On this day in history….17th October 1814

On this day in history : 17th October 1814 – A bizarre accident in a brewery on the Tottenham Court Road causes what was to become known as the London Beer Flood….

The Horse Shoe Brewery of Meux and Company was situated in a densely populated area in the Parish of St. Giles…. It was a run-down slum district, vastly over-crowded and full of poverty….

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Horseshoe Brewery C1800 – Public domain

The brewery housed several large vats in which the beer was brewed…. One of the vats, which stood 22 feet high, ruptured, when one of the iron rings encircling it and holding it together snapped – allowing its contents of over 135,000 gallons of hot fermenting Brown Porter Ale (rather like Stout) to gush out…. In a knock on effect other vats around it also ruptured with the force….resulting in over 323,000 gallons of beer being released and causing the rear wall of the brewery to collapse….

The beer now poured on to the streets, destroying two homes and knocking down the wall of the Tavistock Arms Public House, killing Eleanor Cooper, a 15 or 16-year-old employee….

The river of beer soon reached neighbouring George Street and New Street, killing two people and injuring another…. It also surged through the venue of a wake, claiming five more lives…. Out of the eight known confirmed deaths, three of them were children under the age of five years….

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Map of the location of the brewery and surrounding area – Image courtesy : Richard Horwood – Public domain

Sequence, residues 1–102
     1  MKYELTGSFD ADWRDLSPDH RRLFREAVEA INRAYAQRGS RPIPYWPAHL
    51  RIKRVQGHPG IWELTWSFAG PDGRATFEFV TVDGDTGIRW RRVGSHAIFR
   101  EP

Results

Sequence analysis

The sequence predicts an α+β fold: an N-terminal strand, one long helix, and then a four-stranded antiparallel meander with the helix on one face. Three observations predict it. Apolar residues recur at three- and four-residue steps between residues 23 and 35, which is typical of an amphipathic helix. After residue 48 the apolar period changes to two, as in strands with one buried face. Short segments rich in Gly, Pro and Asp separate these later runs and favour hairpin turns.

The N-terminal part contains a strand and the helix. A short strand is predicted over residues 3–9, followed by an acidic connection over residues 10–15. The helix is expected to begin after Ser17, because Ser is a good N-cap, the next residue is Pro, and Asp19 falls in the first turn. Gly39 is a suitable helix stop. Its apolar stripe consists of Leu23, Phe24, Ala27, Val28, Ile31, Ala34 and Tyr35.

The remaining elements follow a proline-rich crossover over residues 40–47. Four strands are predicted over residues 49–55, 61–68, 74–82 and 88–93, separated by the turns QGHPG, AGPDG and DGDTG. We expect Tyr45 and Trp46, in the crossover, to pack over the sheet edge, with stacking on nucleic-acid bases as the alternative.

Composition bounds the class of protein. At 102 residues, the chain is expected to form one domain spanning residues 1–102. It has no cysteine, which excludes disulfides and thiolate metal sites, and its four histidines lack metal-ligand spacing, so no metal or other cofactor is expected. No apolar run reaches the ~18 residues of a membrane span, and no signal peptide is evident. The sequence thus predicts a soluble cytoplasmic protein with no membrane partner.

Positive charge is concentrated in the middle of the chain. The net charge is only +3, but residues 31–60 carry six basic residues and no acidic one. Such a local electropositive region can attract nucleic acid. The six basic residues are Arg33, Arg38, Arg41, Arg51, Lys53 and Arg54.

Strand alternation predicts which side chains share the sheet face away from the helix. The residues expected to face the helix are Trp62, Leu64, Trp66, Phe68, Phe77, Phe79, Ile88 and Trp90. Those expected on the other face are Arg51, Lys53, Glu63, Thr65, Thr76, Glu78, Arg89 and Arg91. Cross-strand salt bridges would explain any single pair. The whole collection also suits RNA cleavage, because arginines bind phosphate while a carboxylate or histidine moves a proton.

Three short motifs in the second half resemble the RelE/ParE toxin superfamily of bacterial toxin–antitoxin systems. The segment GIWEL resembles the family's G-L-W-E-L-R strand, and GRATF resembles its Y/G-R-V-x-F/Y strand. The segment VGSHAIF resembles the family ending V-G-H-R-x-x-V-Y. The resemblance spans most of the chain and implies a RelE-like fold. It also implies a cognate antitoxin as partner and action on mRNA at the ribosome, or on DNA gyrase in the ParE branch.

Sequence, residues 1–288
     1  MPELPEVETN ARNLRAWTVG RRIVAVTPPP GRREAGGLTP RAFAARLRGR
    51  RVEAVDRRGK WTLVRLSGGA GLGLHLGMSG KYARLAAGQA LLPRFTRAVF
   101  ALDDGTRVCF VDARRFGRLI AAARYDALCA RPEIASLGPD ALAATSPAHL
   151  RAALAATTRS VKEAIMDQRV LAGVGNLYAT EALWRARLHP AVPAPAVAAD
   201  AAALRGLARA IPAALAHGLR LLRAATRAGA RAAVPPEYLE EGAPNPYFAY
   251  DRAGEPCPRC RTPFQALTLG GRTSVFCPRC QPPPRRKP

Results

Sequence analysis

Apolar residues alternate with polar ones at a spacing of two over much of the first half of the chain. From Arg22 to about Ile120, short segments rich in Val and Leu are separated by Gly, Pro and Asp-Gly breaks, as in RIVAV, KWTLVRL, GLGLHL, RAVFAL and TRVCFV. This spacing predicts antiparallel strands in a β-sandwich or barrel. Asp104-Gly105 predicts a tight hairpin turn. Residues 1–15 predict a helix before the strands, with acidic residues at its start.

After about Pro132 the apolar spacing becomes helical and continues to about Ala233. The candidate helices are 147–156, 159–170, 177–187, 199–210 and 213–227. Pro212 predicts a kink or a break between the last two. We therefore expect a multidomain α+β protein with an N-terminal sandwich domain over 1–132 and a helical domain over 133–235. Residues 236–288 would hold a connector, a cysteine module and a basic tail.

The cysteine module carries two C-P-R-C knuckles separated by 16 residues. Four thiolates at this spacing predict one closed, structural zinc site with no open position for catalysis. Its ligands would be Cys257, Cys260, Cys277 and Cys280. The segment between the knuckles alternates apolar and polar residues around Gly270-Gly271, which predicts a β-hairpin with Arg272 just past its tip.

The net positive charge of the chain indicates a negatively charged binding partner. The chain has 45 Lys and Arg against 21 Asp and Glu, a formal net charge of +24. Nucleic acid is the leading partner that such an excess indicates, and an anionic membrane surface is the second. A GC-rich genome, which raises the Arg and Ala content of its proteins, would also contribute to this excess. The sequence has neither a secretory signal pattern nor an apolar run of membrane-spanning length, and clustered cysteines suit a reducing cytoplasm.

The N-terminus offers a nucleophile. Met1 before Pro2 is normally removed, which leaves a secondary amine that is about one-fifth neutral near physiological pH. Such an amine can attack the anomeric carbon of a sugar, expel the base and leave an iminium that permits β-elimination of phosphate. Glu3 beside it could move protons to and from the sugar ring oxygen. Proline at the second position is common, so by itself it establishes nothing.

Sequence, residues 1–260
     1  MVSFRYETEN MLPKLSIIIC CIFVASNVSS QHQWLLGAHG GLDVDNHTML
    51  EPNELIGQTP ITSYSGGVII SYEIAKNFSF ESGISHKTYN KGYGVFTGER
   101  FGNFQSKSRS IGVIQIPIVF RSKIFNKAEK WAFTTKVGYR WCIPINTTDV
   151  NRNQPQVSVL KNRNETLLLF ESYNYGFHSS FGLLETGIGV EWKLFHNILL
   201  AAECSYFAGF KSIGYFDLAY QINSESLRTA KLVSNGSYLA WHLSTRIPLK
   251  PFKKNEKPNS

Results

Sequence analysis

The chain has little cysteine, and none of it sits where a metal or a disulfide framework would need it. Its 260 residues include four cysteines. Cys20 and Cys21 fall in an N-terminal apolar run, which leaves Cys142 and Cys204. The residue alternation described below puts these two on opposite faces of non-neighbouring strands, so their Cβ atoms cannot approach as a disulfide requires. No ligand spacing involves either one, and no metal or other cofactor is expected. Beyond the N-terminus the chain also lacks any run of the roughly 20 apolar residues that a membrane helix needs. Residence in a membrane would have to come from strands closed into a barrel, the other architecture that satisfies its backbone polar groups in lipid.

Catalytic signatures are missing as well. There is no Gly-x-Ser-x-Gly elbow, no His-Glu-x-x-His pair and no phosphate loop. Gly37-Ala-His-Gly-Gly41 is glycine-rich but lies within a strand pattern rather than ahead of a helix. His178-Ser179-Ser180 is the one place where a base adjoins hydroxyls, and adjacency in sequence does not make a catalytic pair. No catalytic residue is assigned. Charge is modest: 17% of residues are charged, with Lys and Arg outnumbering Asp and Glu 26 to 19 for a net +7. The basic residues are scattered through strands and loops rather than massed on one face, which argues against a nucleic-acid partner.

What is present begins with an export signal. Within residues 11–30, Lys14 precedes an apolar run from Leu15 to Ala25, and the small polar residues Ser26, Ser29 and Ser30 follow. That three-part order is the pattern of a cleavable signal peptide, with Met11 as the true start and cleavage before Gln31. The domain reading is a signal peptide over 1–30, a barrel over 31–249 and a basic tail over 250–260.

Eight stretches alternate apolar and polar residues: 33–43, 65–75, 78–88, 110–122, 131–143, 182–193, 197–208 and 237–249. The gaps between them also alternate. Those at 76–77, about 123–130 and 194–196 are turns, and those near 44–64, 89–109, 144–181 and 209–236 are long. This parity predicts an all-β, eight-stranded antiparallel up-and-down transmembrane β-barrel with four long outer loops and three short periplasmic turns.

People scooped up the liquid in whatever was to hand – some just resorted to drinking it as it flowed around them…. There were reports a further victim died some days later from alcohol poisoning….

The brewery was sued but the judge ruled it was an ‘Act of God’ and it was put down to being a terrible accident…. The total cost to the brewery was a hefty £23,000 (over £1.25 million in today’s money) – but the company was able to claim back excise duty which saved it from bankruptcy….

The brewery was eventually demolished in 1922…. Part of the site is now occupied by the West End theatre – ‘The Dominion’….

London Beer Flood of 1814
Image courtesy : ap. via Flickr

On this day in history….16th October 1834

On this day in history : 16th October 1834 – The Medieval buildings of the Palace of Westminster are largely destroyed by fire….

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J.M.W. Turner – Public domain

The original construction dated back to the early 11th Century and had been built as a royal palace ~ additions were made over time and it had become the home of the British Parliament….

Up until 1826, as part of the accounting system of the Exchequer, small wooden tally sticks had been used ~ these carved, notched pieces were usually made from willow…. Now obsolete the tally sticks needed disposing of; two Irish labourers, Joshua Cross and Patrick Furlong, were given the task….